Combined Minds: The girls discuss old sayings and what they mean now. 

 

Carmen: When editing a recent article, our copy editor Kerry Speckman was a bit confused when the writer referred to someone’s actions as “out of pocket” since her definition of the term made no sense in that context. When she asked us about it, we explained that it meant someone did something or said something (a little crazy) out of nowhere. 

 

Ambar: This then led us to be confused as to why she was confused. Since when did “out of pocket” mean anything other than causing chaos by saying untimely remarks? Well, it turns out that back in the day, the term “out of pocket” was used to express being broke or unavailable. 

 

Carmen: Obviously, this sent us down a rabbit hole of finding words or sayings that once meant one thing and now mean something completely different. The first one we found was “awful.” I know what you’re thinking … how could “awful” mean anything other than the worst … well, back in the day, the term was used to describe things being “worthy of awe.” When we, as a society decided to make the switch, is beyond us.  

 

Ambar: “Running amok” didn’t always mean wild or erratic behavior; it originally had a more serious meaning. Picture this: 18th- and 19th-century European travelers stroll into Malaysia, only to witness seemingly ordinary tribesmen turning into accidental horror movie extras, unleashing brutal and random chaos. Of course, it ended up being a very normal mental condition that is still diagnosed to this day. But we’ll keep using the term for when we have one too many at the bars. 

 

Carmen: Here is another fun one. What do you think of when you hear the term “church bells ringing”? I think of love being in the air. I think of meeting someone and hearing the “church bells ringing” referring to future wedding bells. Well, that was not always the case. It used to refer to a chatty woman, specifically, a lovely lady who likes to yap, specifically during church sermons.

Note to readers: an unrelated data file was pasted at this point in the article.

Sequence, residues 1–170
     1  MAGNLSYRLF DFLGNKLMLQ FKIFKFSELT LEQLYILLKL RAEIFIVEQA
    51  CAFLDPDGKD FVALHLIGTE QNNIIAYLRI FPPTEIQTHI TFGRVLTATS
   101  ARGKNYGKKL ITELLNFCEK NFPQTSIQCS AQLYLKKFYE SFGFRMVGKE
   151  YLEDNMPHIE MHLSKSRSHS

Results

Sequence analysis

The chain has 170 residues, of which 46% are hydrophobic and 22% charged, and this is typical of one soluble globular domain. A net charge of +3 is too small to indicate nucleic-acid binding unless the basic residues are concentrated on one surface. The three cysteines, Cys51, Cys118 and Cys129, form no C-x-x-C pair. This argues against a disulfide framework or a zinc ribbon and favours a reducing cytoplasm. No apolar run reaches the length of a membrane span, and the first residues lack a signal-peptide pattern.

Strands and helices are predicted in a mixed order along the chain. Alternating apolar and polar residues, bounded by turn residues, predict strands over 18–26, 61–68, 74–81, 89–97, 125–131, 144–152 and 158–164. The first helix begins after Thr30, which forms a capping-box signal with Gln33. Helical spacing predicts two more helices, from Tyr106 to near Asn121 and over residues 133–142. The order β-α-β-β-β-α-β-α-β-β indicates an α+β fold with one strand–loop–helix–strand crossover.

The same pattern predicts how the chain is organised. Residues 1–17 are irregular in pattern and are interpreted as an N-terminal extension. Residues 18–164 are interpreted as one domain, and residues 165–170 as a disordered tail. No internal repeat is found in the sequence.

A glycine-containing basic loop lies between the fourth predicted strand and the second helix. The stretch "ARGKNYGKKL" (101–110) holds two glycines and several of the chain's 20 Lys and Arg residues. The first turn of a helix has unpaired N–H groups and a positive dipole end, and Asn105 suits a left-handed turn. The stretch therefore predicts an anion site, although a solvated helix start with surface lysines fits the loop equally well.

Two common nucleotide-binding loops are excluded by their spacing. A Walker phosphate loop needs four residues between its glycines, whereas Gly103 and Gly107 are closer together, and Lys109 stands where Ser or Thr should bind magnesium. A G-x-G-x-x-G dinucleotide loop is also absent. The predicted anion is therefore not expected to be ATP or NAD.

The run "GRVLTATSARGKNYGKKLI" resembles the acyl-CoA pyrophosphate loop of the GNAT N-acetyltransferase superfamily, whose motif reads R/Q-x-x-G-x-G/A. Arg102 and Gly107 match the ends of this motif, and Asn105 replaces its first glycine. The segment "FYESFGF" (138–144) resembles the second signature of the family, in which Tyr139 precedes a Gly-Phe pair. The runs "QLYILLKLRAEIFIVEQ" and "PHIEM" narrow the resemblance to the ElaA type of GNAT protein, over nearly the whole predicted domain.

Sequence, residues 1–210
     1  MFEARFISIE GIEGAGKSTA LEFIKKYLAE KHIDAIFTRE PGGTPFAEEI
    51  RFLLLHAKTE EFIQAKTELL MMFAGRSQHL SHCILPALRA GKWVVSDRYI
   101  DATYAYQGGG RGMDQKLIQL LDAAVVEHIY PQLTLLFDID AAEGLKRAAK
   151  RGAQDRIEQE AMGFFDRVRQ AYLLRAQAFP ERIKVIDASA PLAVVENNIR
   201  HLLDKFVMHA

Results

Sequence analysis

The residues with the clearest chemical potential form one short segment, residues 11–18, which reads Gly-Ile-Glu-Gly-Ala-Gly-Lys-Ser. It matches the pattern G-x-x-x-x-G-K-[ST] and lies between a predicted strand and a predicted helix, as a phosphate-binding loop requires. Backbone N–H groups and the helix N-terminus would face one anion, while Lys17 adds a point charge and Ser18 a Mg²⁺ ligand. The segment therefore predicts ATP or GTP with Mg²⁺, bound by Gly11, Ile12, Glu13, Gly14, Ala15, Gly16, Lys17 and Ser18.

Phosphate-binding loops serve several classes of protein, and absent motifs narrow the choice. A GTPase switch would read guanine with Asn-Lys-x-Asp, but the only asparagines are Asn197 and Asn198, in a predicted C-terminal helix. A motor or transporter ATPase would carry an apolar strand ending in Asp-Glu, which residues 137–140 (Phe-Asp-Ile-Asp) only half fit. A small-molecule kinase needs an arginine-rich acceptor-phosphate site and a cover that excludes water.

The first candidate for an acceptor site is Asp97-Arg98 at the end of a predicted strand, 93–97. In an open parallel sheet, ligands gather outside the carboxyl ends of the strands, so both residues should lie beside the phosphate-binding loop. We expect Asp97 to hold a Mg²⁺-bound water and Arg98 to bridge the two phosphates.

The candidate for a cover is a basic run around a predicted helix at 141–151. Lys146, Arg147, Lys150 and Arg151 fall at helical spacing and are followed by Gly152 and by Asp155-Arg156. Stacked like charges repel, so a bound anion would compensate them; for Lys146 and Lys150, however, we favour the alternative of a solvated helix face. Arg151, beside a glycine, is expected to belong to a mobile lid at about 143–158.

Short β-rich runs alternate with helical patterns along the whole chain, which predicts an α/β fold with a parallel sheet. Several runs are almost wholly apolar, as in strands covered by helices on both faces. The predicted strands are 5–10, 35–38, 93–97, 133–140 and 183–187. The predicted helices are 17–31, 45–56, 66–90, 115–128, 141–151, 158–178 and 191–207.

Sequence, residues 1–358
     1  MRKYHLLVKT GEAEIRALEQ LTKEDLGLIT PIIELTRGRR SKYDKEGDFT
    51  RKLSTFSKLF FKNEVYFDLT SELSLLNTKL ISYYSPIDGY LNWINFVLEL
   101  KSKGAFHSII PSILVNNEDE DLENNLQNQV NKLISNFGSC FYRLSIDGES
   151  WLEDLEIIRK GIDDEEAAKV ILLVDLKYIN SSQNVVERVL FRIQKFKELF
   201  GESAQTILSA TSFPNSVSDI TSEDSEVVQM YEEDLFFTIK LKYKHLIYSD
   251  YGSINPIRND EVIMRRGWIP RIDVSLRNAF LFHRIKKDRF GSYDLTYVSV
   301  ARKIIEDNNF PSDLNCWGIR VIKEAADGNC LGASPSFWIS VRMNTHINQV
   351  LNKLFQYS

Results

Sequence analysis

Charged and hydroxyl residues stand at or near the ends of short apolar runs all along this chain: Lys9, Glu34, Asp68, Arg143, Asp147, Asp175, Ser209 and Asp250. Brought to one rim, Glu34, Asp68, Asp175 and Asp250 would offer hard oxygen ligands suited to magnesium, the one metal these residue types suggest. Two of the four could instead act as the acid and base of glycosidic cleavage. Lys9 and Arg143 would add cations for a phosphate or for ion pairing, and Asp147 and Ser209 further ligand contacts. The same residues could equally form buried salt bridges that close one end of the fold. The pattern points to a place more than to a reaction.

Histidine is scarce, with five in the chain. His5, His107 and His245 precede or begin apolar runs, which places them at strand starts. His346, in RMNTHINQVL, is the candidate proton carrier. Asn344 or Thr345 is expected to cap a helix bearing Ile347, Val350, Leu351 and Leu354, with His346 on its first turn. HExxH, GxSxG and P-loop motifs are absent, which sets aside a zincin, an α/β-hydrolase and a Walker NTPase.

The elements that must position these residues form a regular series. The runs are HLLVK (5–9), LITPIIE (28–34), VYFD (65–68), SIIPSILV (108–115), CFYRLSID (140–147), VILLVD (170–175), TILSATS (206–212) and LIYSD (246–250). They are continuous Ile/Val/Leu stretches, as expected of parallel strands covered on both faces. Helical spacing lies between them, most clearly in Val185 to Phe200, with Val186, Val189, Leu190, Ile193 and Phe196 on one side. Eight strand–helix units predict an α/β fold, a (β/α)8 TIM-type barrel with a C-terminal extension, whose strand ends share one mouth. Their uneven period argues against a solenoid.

Ambar: Recently told somebody that they’re barking up the wrong tree? 

 

Carmen: I am constantly barking up the wrong tree 🙁

 

Ambar: Yeah, well, aren’t we all? Back in the early 1800s, “barking up the wrong tree” literally meant a hunter’s dogs were pointing out the wrong tree. Now we use it to tell someone they are taking the wrong action because their information is incorrect. Ah, the good old days of simplicity in both society and language.

 

Carmen: OK, how about Y2K? When I, being Gen-Z and all that, hear the term, I think of the year 2000 and the trends it started. I think of low-rise jeans, flip phones and glitter everything — as most Gen-Zers do. But, if you ask a millennial or anyone over the age of 28, Y2K stands for the mass havoc that was spread due to a computer programming problem that was expected to create all kinds of chaos once the new millennium began. People genuinely believed the world would go into a total blackout once the ball dropped in 2000.

 

Ambar: And it just keeps getting better. The hangover cure term “hair of the dog” has a medieval origin. It was said that if you were bitten by a rabid dog, the victim would be cured by applying the same dog’s hair to the wound. Doesn’t sound like the best solution but neither does drinking more alcohol when you’re hungover. 

 

Carmen: I am a firm believer in “hair of the dog.” There is nothing like four Bloody Marys the morning after to cure a disgusting hangover. 

 

Ambar: Listen, if it works, it works. Who am I to deny facts? 

 

Carmen: Once you get past the initial gag reflex to the smell, it’s smooth sailing. 

 

Ambar: Which also applies to all of this talk about modern-day slang having meant something else entirely back in the day. Once you get past the idea that we will constantly be coming up with new meanings for words that already have definitions, everything will be (as Carmen put it) smooth sailing. 

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